OPINION: Not all McIntosh bathrooms are created equal


Zack Stone

The pink lanyard that corresponds to the downstairs Wilksmoor hallway- students going to the bathroom from this hall must go to this location.

Zack Stone, Staff Writer

I, like the vast majority of students here at McIntosh High School, appreciate a well-maintained bathroom. And I’ll admit, if a stringent bathroom pass policy is what it takes to create this environment, I will unwaveringly support this plan. However, if the plan favors some students and situations over others, as I believe the one announced by the administration on Jan. 17 does, I cannot help but feel some hesitations.

In a brief summary, the new policy creates stringent regulations on how students leave the classroom. It introduces a standardized and formalized sign-in and sign-out system, bathroom passes/lanyards limited to one per teacher, and strictly pairs classrooms and hallways to bathrooms. Students now must physically sign out, take a lanyard, go only to the specified restroom, and leave only one at a time. Any infraction of these rules could result in detention or administrative action.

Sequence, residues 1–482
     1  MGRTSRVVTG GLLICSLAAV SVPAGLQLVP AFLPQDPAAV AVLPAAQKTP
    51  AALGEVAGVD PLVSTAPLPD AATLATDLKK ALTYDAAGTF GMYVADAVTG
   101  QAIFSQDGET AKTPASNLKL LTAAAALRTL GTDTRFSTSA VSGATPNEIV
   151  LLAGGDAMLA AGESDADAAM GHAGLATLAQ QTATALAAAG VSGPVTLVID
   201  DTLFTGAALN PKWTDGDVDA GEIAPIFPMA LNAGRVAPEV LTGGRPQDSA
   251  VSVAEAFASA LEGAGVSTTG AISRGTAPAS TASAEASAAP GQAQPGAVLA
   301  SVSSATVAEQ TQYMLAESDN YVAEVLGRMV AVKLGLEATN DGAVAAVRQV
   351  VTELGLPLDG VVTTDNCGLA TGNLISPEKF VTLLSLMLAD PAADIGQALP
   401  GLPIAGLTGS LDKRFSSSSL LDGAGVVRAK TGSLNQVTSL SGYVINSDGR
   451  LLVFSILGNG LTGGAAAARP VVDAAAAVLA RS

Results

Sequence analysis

However, in my four years here at McIntosh, it has been made abundantly clear to me that not all bathrooms are created equal. With stalls ranging from pristine to missing toilet paper holders, locks or even toilet seat and sinks ranging from fully functional to lacking any combination of hand towels, soap or even water itself, the quality of the bathroom varies dramatically from location to location.

This being said, the new policy absolutely addresses many of the inequalities between these bathrooms. A portion of the flaws of our bathroom is created by a small number of students who vandalize this space, destroying ceiling tiles or wastefully discarding all hand towels. By placing limitations on the number of people who can leave the classroom simultaneously and keeping better records of who exits and when, students will have more responsibility for their actions and those few who do deface our bathrooms have a minimized ability to do so.

But that doesn’t change the simple fact that some McIntosh bathrooms just struggle. Even without a single student’s actions, bathroom utilities still aren’t equal location to location. Toilet paper, functional locks, water, and soap must be standards in every bathroom, and until these conditions are met, restricting students to one bathroom simply isn’t right.

I’ll be the first to admit, when I go to the bathroom at school, I don’t necessarily go to the one closest to my room. When deciding where to go, I factor into my decision both the bathrooms I know to be the cleanest and best stocked as well as those that are within my relative area. And I know other McIntosh students can do the same. I don’t go to a bathroom slightly further away to lose my own time in class or to vandalize a public space. I do so to be able to wash my hands.